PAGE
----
The Barnes & Noble sat on the other side of the shopping center from Trader Joe’s. After I had finished purchasing a few groceries, I started to make my way across the ample parking lot, moving towards the far edge to get to the bike path to walk back to my current housesit. I never go into the chain bookstores, because if I’m going to purchase a book, I want to support my local indie bookshops. But the one book I was curious to read was The Art of Floating, by Kristin Bair O’Keeffe and she had mentioned online that her book was widely available through Barnes & Noble.
Kristin and I are online acquaintances – ever since she spent a few years blogging about her experiences as a “trailing spouse” in Shanghai and I started blogging here on this site about my travels. Somehow our paths had crossed and now we keep up to date on our comings and goings through our venn diagram of social media. I like supporting my peeps, and I like engaging with projects that are done by people I know or at least are familiar with, so it wasn’t a matter of if I was going to read her book, but when.
As I walked on my normal path towards the housesit, I suddenly thought that I should make a detour and see if this Barnes & Noble had a copy of her latest novel. Books are not something I can budget for these days, not even used ones, and I was more curious in that moment just to see if the book was on the store shelf. As I turned off of my normal path of habit, I thought to myself, How would I pay for it? If I could find twenty dollars as I walk across this parking lot, I’ll be able to buy her book.
I wasn’t half way through the parking lot before I found a green piece of paper on the pavement with a twenties all over it. I was shocked! I didn’t miss a step as I bent down to pick it up and put it in my pocket. That is just crazy. Synchronous. Cool. But crazy. I went into the book store and there the book was, on the shelf. It was even forward facing. But I couldn’t bring myself to buy it. A twenty dollar bill is so precious. I was still shocked by the finding of it, so I left the store without the book and continued back to the house.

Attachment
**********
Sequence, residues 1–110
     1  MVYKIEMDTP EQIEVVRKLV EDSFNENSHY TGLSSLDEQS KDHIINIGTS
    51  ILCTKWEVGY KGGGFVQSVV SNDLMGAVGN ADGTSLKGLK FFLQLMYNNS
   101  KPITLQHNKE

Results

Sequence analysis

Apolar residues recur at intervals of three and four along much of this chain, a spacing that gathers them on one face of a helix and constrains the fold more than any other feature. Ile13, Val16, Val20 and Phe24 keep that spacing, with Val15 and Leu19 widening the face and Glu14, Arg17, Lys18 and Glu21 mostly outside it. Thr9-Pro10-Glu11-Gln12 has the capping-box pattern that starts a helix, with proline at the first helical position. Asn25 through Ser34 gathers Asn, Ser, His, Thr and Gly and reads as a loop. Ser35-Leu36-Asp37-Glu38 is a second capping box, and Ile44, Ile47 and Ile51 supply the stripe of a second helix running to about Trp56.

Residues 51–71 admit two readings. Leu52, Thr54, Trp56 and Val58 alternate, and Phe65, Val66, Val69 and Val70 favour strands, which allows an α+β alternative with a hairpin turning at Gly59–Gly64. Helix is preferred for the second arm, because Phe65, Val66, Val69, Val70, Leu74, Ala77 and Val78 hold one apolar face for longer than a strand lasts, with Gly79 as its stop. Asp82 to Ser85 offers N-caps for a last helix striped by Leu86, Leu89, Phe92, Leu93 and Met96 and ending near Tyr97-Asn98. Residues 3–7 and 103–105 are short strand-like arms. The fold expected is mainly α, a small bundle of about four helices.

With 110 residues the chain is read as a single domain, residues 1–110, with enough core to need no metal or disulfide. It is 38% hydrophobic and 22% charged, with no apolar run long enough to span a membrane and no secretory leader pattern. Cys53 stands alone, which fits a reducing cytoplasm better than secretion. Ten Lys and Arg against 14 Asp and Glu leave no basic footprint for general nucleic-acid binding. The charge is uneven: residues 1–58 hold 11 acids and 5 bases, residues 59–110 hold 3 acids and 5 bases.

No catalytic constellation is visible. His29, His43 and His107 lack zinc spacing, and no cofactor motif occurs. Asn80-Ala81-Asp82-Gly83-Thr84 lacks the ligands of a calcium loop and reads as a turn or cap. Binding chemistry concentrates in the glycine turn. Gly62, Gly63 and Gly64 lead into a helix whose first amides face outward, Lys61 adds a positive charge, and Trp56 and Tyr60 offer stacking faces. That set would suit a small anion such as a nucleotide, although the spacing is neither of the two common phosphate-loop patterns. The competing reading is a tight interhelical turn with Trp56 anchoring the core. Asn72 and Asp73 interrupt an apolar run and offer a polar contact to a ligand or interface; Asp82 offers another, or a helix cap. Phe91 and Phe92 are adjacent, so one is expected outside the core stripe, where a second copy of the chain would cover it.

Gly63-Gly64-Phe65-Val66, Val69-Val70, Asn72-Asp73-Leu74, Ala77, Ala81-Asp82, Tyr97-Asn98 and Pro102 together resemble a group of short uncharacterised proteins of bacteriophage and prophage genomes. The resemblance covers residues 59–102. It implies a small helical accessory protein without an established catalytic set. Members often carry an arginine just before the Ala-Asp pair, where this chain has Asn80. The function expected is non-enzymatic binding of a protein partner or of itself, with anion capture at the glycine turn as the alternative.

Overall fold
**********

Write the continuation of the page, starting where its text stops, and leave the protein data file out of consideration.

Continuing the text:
A few days later, after my floating spirit descended a bit, I thought to myself, the Universe is never going to give me any more money when I request it if I don’t use what I do get to buy the things I asked for in the first place. So, off I went, back to Barnes & Noble.
Lost twenty. Found twenty.
I am so very lost. I have been for a while now. So it was probably appropriate that I read a novel about things lost and things found and a woman who floats.
~ The Art of Floating ~
Sia Dane is a well-known writer living in a small coastal New England town and has lost her husband. He one day just up and disappeared. As I read, I tacked to and fro through the last year and a half of her empathic, although at most times realistic and humorous, grieving life, with her family and friends and her neighbors and townspeople. Everyone knew her husband and loved him. Everyone knows Sia as well and they seem to love her too. One day as Sia and her dog Gumper are taking their morning walk on the beach, they find a silent stranger man. Of course she takes him home. Because there wouldn’t be a story if she didn’t. The story bobs back and forth between the missing husband and the found man and the grieving wife looking for answers. Everyone in the story though is looking to find something – objects, love, sanity …
The chapters were also written in a style that is accessible to those of us with newly developed short attention spans. The short chapters, which were perfectly written, were a breeze to read and a few hours went by before I even looked up at the clock. Not as floaty or dreamy as I was thinking it might be, the book was more grounded in living life.
By the second chapter I was fully engaged with the story, going back and forth in non-linear time to get the whole story of Sia’s grief of losing her beloved husband and the synchronicity of finding a man who was grieving in his own way for his own personal loss. Stories about small town interactions between family and friends always draw me in, especially if they are tolerant of any one of the relatable character’s quirks, flaws, or eccentricities, as this town is.
It was beautiful to see that Gumper – a real life someone that we came to know on facebook – was written into and immortalized in the story.